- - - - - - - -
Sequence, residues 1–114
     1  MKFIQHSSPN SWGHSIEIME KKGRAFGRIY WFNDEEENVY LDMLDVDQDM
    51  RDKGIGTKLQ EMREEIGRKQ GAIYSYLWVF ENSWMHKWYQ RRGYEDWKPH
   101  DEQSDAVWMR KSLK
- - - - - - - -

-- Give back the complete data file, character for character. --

Sequence, residues 1–114
     1  MKFIQHSSPN SWGHSIEIME KKGRAFGRIY WFNDEEENVY LDMLDVDQDM
    51  RDKGIGTKLQ EMREEIGRKQ GAIYSYLWVF ENSWMHKWYQ RRGYEDWKPH
   101  DEQSDAVWMR KSLK